Among the most notable findings was the infrequent use of the most important influenza prevention measure – vaccination. Despite a recommendation for vaccination of all children 6 months of age and older having been in place since 2008, only 23 percent of the 74 children older than six months with a known vaccination history had received their flu vaccine last season.

While many people believe that healthy children can withstand a bout of flu, this is not always the case. About half of the children who died last season were previously healthy and did not have a medical condition that would put them at risk for flu complications. However, the report underscores the fact that young age in itself is a risk factor. The report identified that 46 percent of the children who died were younger than 5 years and 29 percent were younger than 2 years.

The other half of the children who died did have a medical condition that predisposed them to being at greater risk of flu complications. Of 57 children with a medical condition, 54 percent had a neurological disorder, 30 percent had pulmonary disease, 25 percent had a chromosome or genetic disorder and 19 percent had congenital heart disease or other cardiac disease.

The report also identified issues with the use of antiviral drugs, which provide effective treatment for influenza. Of the 94 children who died in a hospital or emergency department, only 50 percent were prescribed antiviral drugs. Since the 2009 H1N1 pandemic especially, CDC has recommended immediate treatment with influenza antiviral medications in severely ill patients with suspected flu.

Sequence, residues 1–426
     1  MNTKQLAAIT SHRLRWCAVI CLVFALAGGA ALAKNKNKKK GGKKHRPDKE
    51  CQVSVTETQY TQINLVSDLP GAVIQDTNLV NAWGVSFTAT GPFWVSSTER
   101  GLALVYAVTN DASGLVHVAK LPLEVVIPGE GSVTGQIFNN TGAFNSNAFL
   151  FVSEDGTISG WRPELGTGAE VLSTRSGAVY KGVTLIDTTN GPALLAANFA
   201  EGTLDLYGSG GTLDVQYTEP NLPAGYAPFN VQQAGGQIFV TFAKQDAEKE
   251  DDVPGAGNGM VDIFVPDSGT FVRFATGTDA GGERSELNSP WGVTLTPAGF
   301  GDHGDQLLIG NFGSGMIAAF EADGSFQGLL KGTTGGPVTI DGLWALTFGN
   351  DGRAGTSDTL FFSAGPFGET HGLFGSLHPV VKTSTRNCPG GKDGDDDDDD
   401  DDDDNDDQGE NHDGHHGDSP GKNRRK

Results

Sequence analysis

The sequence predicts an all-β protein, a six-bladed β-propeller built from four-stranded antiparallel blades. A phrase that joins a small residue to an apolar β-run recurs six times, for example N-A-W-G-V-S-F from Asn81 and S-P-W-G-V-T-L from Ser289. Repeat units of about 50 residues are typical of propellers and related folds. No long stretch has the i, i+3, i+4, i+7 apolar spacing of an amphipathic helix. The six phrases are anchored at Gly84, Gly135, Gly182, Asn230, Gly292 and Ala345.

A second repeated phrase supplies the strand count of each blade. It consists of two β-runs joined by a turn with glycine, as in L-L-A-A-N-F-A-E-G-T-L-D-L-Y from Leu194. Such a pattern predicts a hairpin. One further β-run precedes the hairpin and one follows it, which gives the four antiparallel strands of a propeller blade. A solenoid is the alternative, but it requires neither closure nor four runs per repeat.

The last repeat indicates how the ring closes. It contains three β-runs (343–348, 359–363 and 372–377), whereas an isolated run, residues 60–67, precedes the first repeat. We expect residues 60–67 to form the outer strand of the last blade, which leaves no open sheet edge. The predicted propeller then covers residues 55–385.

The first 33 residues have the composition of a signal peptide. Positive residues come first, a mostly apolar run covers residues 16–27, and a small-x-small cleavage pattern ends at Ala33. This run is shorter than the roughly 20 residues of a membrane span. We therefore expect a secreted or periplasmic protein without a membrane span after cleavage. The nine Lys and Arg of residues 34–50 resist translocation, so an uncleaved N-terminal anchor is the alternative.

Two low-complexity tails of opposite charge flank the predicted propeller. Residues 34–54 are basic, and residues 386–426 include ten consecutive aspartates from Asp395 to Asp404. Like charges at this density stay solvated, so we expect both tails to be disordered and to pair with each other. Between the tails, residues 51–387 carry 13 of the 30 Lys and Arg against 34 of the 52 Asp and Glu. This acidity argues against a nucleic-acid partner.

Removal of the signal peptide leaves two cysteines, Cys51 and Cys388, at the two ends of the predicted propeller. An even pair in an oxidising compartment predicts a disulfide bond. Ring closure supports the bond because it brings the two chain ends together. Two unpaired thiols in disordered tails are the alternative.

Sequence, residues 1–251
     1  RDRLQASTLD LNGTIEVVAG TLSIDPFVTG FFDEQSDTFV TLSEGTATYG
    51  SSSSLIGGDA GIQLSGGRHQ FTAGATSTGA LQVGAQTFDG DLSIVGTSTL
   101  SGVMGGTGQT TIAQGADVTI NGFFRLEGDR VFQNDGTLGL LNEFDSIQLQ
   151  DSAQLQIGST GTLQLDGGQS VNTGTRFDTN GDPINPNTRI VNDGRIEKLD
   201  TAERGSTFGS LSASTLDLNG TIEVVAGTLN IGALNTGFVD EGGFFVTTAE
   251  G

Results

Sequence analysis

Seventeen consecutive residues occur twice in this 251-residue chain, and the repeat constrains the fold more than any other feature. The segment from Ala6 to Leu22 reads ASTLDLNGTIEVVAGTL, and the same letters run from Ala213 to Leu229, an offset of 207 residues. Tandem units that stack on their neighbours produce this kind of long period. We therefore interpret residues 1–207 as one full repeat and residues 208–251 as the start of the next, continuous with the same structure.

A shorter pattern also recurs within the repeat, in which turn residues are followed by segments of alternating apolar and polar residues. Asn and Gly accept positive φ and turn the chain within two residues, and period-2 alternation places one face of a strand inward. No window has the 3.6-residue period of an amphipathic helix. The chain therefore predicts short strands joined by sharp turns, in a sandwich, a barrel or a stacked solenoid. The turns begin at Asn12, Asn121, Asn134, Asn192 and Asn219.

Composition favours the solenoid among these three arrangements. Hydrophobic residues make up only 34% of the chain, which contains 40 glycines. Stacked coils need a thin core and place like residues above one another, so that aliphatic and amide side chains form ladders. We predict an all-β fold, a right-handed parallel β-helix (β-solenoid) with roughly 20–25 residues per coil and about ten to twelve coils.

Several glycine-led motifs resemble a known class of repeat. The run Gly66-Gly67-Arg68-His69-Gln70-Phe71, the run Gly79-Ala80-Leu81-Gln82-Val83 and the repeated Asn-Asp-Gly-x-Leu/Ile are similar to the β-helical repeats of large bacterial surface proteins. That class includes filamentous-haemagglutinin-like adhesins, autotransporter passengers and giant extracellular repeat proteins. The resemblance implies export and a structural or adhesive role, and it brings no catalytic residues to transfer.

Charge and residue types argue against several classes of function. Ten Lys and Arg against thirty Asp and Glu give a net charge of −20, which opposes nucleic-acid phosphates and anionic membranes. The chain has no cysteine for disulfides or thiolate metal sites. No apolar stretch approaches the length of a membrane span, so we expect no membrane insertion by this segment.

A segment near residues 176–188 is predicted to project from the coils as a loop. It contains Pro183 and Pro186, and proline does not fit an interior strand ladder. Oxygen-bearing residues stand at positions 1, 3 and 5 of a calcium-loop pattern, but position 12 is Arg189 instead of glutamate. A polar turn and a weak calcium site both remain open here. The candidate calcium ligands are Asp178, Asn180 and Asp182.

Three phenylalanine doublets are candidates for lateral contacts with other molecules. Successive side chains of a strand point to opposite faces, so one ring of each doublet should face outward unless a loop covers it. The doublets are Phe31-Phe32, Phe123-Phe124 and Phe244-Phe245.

Another report in the Sept. 16 MMWR provides a summary of influenza activity from mid–May to the beginning of September. “If trends in that report continue,” Finelli says, “we should have a vaccine that will offer good protection against the viruses we expect will circulate this season.”

This season′s influenza vaccine protects against three influenza viruses, the 2009 influenza A (H1N1) virus, an influenza A (H3N2) virus, and an influenza B virus. These are the same three flu virus strains that were circulating in 2010–2011 – just the eighth time since 1969 this phenomenon has occurred. Moreover, it is important to note that vaccine immunity wanes over time so CDC is recommending that everyone get vaccinated this season, even if they got vaccinated last season, in order to be optimally protected.